Courant John II 4.6 Problem 16.

Prove that $$\iint_R e^{-(x^2+y^2)}\,dx\, dy=ae^{-a^2}\int_0^{\infty}\frac{e^{-u^2}}{a^2+u^2}\,du\,,$$ where $R$ denotes the half-plane $x\ge a\gt 0$, by applying the transformation $x^2+y^2=u^2+a^2, y=vx$.

I did the transformation to get $$\iint_R e^{-(x^2+y^2)}\,dx \,dy=2\int_0^{\infty}\int_0^{u/a}ue^{-(u^2+a^2)}\left( 1+\dfrac1{v^2} \right)\,dv \,du,$$ but the inner integral (omitting constant part independent to v) $$\int_0^{u/a}\left( 1+\dfrac1{v^2} \right)dv$$ is a divergent improper integral. I have no idea what to now. I also tried rewriting so the inner integral is with respect to u instead, but the exact same problem still occurs.

(EDIT): The Jacobian $$J=x_uy_v-x_vy_u=\left(\dfrac ux \right)(x)-\left(-\dfrac{y}{v^2} \right)\left(\dfrac uy \right)=u \left( 1+\dfrac1{v^2} \right)$$ since $x=\sqrt{u^2+a^2-y^2}$

(EDIT) Correction of Jacobian: $J=\dfrac{u}{1+v^2}$

  • $\begingroup$ How did you get the Jacobian? I'm not sure, but I think that might be the issue. $\endgroup$ May 14, 2020 at 15:10
  • $\begingroup$ Just edited post to show it. $\endgroup$
    – Divide1918
    May 14, 2020 at 15:18
  • $\begingroup$ That's the issue. You should express $x$ in terms of just $u$ and $v$. The same with $y$. For instance you are saying $y=vx$ and then $y_v=x$. This is wrong, since $x$ also depends on $v$. By product rule $y=vx$ implies $y_v=x+vx_v$. $\endgroup$ May 14, 2020 at 15:25
  • $\begingroup$ @Divide1918 I took the liberty of improving your title and formatting. Descriptive titles are better and help with searches. Hope you find your answer. $\endgroup$ May 14, 2020 at 17:11

2 Answers 2


It looks like you can just integrate by parts. Your integral (with the correct Jacobian) is $$2e^{-a^2} \int_0^\infty u e^{-u^2} \left( \int_0^{u/a} \frac{1}{1+v^2}\, dv \right) \, du.$$

Let $f'(u) = ue^{-u^2}$ and $g(u) = \displaystyle \int_0^{u/a} \frac{1}{1+v^2} \, dv$. Then (modulu constants) $f(u) = - \frac 12 e^{-u^2}$ and $$g'(u) = \frac{1}{a} \frac{1}{1 + (u/a)^2} = \frac{a}{a^2 + u^2}.$$ Since $f(0) g(0) = 0$ and $\lim_{u \to \infty} f(u) g(u) = 0$ ($g$ is bounded) you get $$\int_0^\infty f'(u) g(u) \, du = \frac a2 \int_0^\infty \frac{e^{-u^2}}{a^2 + u^2} \, du.$$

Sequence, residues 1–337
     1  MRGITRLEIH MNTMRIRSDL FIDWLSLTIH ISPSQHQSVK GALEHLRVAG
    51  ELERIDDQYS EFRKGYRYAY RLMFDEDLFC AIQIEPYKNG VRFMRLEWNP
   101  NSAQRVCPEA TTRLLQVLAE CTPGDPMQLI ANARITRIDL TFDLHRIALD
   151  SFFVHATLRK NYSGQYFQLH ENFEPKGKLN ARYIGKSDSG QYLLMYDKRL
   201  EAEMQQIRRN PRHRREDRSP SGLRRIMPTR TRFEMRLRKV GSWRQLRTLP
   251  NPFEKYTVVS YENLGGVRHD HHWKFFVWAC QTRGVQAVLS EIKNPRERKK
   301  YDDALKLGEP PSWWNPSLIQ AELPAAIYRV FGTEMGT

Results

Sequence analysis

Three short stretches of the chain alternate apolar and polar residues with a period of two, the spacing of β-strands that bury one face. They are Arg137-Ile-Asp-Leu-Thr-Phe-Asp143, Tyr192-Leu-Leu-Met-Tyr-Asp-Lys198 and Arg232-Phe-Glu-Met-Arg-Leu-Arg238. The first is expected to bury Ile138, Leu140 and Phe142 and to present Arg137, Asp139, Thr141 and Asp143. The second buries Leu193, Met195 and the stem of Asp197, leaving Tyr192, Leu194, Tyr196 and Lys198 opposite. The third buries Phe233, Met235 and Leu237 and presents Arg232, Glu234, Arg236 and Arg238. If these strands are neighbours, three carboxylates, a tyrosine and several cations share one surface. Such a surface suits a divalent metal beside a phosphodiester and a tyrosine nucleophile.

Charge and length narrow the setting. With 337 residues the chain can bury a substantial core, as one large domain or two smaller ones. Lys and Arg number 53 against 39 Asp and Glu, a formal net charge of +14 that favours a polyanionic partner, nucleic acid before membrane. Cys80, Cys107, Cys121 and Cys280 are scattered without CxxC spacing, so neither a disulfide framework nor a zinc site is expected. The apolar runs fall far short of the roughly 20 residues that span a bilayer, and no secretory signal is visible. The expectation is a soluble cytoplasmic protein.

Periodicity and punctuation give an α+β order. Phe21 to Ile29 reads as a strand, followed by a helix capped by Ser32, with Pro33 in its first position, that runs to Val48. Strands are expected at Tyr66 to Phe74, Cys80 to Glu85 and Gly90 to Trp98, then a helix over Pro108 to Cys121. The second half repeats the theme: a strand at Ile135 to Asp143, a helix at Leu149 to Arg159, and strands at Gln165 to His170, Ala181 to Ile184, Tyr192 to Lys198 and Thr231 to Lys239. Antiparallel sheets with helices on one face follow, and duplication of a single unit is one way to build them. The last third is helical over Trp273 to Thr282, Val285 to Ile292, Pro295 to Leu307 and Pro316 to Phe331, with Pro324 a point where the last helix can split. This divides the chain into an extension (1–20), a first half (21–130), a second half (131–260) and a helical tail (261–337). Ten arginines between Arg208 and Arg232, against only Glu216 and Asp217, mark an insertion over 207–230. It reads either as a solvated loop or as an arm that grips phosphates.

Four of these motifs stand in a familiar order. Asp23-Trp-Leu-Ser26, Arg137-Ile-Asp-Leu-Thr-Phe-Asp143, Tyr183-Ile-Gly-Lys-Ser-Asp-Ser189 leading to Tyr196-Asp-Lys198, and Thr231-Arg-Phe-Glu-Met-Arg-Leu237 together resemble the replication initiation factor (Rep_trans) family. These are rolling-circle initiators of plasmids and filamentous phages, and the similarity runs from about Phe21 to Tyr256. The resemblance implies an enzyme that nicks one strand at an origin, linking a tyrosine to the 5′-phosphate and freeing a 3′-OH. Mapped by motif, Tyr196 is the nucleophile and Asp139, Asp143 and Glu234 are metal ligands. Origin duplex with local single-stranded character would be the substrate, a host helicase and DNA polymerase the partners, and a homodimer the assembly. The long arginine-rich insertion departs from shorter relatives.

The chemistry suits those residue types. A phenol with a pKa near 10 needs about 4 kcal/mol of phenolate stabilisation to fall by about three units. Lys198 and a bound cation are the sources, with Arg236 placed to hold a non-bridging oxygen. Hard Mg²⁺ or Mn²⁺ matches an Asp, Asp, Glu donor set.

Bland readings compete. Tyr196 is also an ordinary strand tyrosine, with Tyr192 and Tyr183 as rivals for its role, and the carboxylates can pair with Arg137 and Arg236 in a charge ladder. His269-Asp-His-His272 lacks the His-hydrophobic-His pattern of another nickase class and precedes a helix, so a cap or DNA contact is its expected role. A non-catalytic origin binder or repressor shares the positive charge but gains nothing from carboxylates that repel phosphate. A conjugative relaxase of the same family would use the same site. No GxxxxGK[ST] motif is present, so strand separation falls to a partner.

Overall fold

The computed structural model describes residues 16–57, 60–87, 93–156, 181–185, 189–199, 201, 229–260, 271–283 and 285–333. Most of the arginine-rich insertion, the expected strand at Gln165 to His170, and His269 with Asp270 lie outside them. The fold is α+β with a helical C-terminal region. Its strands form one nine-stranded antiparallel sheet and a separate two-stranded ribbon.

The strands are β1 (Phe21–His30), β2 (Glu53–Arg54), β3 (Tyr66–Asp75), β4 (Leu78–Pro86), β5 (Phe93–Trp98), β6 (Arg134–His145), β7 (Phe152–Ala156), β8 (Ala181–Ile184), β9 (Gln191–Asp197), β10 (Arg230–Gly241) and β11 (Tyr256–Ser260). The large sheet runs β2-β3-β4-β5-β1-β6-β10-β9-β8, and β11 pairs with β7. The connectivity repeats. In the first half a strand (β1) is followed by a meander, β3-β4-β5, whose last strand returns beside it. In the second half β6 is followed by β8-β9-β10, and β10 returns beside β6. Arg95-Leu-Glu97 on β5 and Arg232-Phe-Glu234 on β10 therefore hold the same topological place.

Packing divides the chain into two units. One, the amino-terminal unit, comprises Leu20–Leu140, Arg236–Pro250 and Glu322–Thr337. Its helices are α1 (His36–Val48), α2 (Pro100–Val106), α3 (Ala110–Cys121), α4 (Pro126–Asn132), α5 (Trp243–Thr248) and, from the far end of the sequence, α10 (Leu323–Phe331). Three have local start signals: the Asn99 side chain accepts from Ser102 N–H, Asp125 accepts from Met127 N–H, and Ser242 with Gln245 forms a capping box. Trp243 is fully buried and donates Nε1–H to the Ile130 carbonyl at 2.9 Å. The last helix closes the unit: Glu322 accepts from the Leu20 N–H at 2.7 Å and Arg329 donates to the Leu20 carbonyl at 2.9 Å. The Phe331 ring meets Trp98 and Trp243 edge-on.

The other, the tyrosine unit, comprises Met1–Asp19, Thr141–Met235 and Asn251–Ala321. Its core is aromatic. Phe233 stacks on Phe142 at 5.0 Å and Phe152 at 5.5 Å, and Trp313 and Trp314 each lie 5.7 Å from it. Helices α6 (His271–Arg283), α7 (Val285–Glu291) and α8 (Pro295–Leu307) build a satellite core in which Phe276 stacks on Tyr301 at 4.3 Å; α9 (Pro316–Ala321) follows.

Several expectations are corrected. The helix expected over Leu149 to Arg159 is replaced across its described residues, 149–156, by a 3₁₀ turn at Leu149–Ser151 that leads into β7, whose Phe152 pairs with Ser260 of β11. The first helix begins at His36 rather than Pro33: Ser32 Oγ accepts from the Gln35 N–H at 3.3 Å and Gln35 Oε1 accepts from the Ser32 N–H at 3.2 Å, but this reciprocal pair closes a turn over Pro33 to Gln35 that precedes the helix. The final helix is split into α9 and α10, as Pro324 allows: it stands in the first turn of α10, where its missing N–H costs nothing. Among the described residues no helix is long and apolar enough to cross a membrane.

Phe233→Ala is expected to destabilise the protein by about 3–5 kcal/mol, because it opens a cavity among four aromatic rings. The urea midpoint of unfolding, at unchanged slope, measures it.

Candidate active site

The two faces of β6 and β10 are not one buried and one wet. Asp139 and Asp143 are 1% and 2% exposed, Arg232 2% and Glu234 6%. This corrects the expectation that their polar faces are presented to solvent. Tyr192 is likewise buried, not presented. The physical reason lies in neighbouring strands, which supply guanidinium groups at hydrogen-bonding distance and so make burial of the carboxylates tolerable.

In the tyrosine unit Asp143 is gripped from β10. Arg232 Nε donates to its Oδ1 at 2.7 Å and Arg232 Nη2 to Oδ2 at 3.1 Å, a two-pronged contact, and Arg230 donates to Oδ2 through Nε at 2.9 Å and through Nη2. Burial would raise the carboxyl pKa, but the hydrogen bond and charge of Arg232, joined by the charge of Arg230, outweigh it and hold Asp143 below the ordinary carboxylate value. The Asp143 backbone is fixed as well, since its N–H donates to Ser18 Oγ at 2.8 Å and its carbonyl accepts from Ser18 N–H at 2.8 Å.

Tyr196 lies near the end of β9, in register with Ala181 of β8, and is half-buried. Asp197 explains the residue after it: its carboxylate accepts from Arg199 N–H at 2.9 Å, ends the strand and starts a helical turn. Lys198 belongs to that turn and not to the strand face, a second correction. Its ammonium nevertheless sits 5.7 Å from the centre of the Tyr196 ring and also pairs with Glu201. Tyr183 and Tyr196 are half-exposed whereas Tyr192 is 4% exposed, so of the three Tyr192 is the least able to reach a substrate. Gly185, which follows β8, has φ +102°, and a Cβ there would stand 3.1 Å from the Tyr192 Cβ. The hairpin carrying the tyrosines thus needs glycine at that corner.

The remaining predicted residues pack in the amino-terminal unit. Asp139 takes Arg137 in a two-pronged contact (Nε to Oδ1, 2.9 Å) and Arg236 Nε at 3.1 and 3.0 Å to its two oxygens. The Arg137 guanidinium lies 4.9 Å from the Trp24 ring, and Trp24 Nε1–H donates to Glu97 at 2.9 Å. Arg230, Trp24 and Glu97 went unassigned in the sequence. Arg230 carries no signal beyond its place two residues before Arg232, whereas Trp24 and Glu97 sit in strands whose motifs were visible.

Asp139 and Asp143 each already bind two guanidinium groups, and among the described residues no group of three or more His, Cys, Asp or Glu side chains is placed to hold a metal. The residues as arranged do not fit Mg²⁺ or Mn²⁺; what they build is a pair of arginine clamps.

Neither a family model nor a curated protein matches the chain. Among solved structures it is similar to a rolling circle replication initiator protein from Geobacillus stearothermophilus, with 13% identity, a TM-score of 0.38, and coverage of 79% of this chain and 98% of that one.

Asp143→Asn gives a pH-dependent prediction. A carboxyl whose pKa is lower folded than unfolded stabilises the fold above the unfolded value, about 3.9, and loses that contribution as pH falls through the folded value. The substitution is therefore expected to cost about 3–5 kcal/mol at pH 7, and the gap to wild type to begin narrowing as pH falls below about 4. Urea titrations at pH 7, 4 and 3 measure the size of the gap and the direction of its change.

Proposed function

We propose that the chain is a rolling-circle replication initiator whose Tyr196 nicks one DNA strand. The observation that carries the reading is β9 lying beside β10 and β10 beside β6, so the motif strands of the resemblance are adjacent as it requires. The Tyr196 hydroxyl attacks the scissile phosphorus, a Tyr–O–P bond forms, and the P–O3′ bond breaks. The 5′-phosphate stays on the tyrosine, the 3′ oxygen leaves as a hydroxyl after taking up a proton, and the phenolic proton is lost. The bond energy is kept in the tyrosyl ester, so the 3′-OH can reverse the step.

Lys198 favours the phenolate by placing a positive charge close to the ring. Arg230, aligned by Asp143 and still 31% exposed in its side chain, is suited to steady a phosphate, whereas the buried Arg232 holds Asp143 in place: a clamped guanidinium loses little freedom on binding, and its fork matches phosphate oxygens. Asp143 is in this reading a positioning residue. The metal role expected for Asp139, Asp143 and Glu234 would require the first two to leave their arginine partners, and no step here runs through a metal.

The correct Jacobian is $J=\frac{u}{1+v^2}$. So, your integral becomes $$I=2\int_0^\infty \int_0^{u/a}\frac{u}{1+v^2}e^{-(u^2+a^2)}dvdu$$ Let's change the order of the integrals, note that $\{0\leq u< \infty$, $0\leq v\leq u/a\}$ is the same as $\{0\leq v<\infty$, $av\leq u<\infty\}$ So, your integral becomes

$$I=2\int_0^\infty \int_{av}^\infty\frac{u}{1+v^2}e^{-(u^2+a^2)}dudv$$ We can evaluate this integral (note that $\int ue^{-(u^2+a^2)}du=\frac{-1}{2}e^{-(u^2+a^2)}+c$) \begin{align}I&=2\int_0^\infty \frac{1}{1+v^2}\frac{-1}{2}e^{-(u^2+a^2)}\Big|^\infty_{av}dv\\ &=\int_0^\infty \frac{e^{-a^2(v^2+1)}}{v^2+1}dv\\ &=e^{-a^2}\int_0^\infty \frac{e^{-a^2(v^2)}}{v^2+1}dv \end{align} After the change of variable $v=w/a$, you get \begin{align}I&=e^{-a^2}\int_0^\infty \frac{e^{-w^2}}{(w/a)^2+1}\frac{dw}{a}\\ &=ae^{-a^2}\int_0^\infty \frac{e^{-w^2}}{w^2+a^2}dw \end{align} Which is what we wanted to prove.

About the correct Jacobian Here I show how to compute the correct Jacobian without too many computations. From $y=vx$, by taking partial derivatives, we get $y_v=x+vx_v$ and $y_u=vx_u$. Hence, $$J=x_uy_v-x_vy_u=x_u(x+vx_v)-x_v(vx_u)=xx_u.$$ Now, on the other hand, since $x^2+y^2=u^2+a^2$, we have $x^2+(vx)^2=u^2+a^2$, i.e. $(1+v^2)x^2=u^2+a^2$. Taking partial derivative with respect to $u$ in both sides, we get $(1+v^2)2x x_u=2u.$ So, we conclude that $$J=xx_u=\frac{u}{1+v^2}.$$


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